Tour des Glaciers de la Vanoise
Pralognan-la-Vanoise June 29-30, 2013
We farewelled Geneva on a grey overcast morning and finally after 6 months of planning we were on our way to Pralognan la Vanoise, for Hammer to race in The North Face Tour of the Vanoise Glacier. It was after entering Hammer in this race on the January 1, 2013 that I started planning our Grand Voyageuer. The race was originally to be 73km on trails around the Vanoise Glacier, but due to the late season snow cover, the course was re-routed and shortened to 64 km. It looked like a race I would have dearly loved to have done – stunning trails, running above the clouds in high mountains – but it was not be. Instead Hammer agreed to run it, even though the distance was more than he wanted to run while on holidays. The revised course had a total of +3,642m of elevation gain and -3,637m of descents. We just don’t have anything like this at home.
We arrived in Pralognan, which is located in a valley about 4km east of Courcheval, to steady rain and crispy cold temperature. The view around the village was obscured by low hanging cloud, but even with that you could see that we were surrounded by high peaks in all directions. I have to admit to some reservations about what I had got Hammer into.
After settling into our apartment we found race registration and at this point there was no turning back, whatever the weather. Race briefing was at 6.30pm and by that time the rain had stopped and the clouds started to recede and race day was predicted to be clear.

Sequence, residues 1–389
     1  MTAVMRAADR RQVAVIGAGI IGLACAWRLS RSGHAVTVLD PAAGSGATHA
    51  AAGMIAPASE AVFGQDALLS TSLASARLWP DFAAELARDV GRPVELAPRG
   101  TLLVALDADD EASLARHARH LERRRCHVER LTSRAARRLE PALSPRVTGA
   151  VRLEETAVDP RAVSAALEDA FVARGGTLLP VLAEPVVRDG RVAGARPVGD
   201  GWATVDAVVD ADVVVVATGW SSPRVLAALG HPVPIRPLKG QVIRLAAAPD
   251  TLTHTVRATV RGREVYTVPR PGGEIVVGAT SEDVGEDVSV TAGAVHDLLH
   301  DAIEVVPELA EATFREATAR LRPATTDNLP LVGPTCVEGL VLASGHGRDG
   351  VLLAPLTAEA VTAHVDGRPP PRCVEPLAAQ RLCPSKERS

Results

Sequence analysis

Did not understand much of the race briefing but it was interesting to observe other runners.
Race morning was just as predicted, no rain and not overly cold. Pre-race energy is like any other race where runners nervously pace about, eager to get underway and get the job done. The race got away about 5.20am. The re-routed course loops through town which was great for spectators to be able to see runners later in the day.
And what a glorious day it turned out to be. The scene was so beautiful, I could ot stop myself from taking pictures just about everywhere I looked.
Snow covered peaks in all directions and clear blue skies. I missed Hammer on his first pass through town but got to see him 44km into the race, still smiling and looking forward to a beer after just one more climb and a final descent back into town.
From the race winners time I estimated that Hammer would take about 4hrs to do the last 20km of the race.
And so it was, a brutal 20 or so kms took him 4hrs and 10 minutes for a race time of just over 12 hours. So relieved to see him finish and looking very comfortable.